President visits developing Neckartal Dam

09 Oct 2015 16:30pm
NECKARTAL DAM, 09 OCT (NAMPA) – President Hage Geingob on Thursday made a quick stop to the developing Neckartal Dam after his meeting in Keetmanshoop with people of the //Karas Region.
Sitting under a gazebo on an outlook post high above the Fish River, Geingob listened attentively as consulting engineer Eric Britton of Knight Piésold excitedly gave details on progress of the dam.
“Once completed, the dam will be indescribably beautiful,” Britton said.
He told the president the dam will take another two years to complete and briefly described what has been done up to this point and what still lies ahead in finishing the anticipated reservoir.
He said excavation is complete and the next step is to cover the foundation with concrete to prevent flooding in the future.
Should the rain come and the river flow; Britton said preventative measures to contain the water and preserve current developments were in place.
He said abstraction works were built further up the river to divert the flow of water through a pump to a holding dam towards the east.
“The finished dam will weigh 3 million tonnes and it will be as high as a 22-storey building with a crest length of 500 metres,” Britton said, himself amazed.
The president slowly nodded while Britton further explained:
“The reservoir will have a holding capacity of 880 million cubic metres, equivalent to 300 000 Olympic sized swimming pools.”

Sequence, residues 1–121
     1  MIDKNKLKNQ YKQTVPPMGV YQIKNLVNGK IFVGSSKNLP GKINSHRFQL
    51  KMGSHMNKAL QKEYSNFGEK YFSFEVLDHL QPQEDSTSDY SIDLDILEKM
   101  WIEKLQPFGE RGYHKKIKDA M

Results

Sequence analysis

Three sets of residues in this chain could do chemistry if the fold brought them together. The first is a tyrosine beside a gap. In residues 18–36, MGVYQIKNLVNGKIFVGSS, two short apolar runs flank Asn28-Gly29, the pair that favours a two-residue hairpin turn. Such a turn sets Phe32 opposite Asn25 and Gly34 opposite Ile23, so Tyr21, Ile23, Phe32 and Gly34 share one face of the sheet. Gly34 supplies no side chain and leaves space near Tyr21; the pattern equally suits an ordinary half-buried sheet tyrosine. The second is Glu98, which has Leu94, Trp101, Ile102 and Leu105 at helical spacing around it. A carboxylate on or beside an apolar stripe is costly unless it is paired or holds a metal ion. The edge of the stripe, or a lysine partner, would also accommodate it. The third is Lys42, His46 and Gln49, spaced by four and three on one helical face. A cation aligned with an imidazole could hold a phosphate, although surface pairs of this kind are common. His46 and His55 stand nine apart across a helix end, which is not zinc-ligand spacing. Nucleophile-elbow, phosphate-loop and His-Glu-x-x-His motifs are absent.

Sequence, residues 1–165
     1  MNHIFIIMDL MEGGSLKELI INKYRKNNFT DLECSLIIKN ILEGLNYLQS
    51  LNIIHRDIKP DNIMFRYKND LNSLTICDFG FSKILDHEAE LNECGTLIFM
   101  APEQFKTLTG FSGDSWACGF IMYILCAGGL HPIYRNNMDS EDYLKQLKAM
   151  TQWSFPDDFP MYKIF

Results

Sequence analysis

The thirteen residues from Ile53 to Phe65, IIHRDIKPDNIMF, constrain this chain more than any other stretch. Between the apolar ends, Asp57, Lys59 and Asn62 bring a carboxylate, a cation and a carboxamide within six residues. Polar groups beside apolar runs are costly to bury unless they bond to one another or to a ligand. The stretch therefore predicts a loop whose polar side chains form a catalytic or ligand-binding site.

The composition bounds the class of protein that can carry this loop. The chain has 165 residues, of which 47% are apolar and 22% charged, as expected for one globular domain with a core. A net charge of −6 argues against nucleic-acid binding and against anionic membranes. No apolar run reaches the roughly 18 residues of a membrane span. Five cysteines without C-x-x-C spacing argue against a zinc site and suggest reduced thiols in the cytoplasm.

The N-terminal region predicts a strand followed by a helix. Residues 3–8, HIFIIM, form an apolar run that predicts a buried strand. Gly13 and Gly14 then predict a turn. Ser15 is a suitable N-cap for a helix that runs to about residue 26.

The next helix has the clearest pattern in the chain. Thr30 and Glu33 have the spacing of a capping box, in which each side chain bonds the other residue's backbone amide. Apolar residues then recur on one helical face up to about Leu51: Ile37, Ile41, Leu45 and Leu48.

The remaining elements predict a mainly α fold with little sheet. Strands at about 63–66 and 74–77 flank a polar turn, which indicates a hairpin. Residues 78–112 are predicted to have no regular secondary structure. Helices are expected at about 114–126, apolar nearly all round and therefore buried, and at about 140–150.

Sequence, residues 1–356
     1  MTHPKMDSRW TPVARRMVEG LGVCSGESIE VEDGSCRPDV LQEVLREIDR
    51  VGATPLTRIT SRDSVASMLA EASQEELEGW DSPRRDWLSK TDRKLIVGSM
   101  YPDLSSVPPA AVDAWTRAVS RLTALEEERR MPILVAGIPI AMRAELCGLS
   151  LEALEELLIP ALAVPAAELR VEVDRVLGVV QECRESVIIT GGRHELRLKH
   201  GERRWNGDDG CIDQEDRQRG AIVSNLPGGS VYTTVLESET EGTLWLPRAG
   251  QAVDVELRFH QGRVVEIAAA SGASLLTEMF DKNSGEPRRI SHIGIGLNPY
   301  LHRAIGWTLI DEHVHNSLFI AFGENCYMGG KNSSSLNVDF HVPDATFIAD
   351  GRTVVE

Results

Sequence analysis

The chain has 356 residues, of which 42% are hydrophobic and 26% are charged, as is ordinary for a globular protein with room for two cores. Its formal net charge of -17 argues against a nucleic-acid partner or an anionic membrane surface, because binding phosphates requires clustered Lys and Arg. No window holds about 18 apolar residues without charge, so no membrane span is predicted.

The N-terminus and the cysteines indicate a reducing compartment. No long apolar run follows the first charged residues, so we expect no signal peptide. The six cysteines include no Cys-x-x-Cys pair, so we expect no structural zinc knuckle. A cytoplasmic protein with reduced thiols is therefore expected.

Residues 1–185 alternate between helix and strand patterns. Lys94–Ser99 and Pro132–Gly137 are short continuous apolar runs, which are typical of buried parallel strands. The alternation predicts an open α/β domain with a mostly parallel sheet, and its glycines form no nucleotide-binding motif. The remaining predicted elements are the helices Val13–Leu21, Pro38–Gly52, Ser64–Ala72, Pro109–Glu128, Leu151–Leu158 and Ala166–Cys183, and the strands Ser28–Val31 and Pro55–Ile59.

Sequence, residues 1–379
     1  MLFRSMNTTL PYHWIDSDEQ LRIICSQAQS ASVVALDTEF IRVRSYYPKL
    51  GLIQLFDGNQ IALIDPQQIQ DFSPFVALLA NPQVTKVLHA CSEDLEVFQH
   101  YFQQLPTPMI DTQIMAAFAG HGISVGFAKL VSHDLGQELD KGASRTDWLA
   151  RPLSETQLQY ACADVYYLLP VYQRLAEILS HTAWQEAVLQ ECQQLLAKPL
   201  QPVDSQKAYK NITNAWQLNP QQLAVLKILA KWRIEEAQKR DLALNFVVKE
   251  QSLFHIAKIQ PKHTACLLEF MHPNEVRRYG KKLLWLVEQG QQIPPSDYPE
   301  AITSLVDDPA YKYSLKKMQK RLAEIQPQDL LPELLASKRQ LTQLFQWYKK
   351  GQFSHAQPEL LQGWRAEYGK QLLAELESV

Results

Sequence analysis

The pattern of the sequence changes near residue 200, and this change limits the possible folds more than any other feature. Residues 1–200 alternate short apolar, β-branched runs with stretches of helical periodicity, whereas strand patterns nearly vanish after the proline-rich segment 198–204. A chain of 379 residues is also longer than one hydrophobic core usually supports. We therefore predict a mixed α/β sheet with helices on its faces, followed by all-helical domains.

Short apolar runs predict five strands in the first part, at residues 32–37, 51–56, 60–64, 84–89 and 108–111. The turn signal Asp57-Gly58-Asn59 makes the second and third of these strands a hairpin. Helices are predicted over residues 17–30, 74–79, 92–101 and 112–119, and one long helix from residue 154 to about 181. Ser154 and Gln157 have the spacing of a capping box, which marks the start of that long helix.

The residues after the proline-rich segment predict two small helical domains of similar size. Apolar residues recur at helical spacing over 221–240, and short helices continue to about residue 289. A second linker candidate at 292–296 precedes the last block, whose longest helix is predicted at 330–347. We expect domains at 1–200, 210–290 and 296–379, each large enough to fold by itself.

He said in light of the annual average run-off of 500 million cubic metres, it is estimated that it will take about two years to fill the dam.
Neckartal Dam is an ambitious enterprise identified by the German colonisers more than 100 years ago to capture water for the drought-prone south.
Britton said the South African government since just kept the proposal in the drawer until the Namibian government decided to put the massive project on the table.
The engineer said he was thrilled by this move, as the dam will be able to provide irrigation for a very strong agricultural enterprise of more than 5 000 hectares in size.
“There will be valves that release water from the reservoir; the water will go 13 km to a weir where it will fill up another reservoir with a capacity of three months’ supply. It will then get pumped to a holding dam after which it will reach the irrigation system,” Britton said as he explained the technicalities.
“Excellent, we’ll wait for that day,” Geingob said.
“The water in the dam will be blue and not sluggish green like in the Fish River – it will be spectacular,” Britton said.
“Wow!” the president responded.
The agricultural project is outside the scope of work Salini Impregilo is contracted for. It is expected to create at least 400 – 500 direct jobs.
Knight Piésold is the consulting engineering company that oversees the work done by Salini.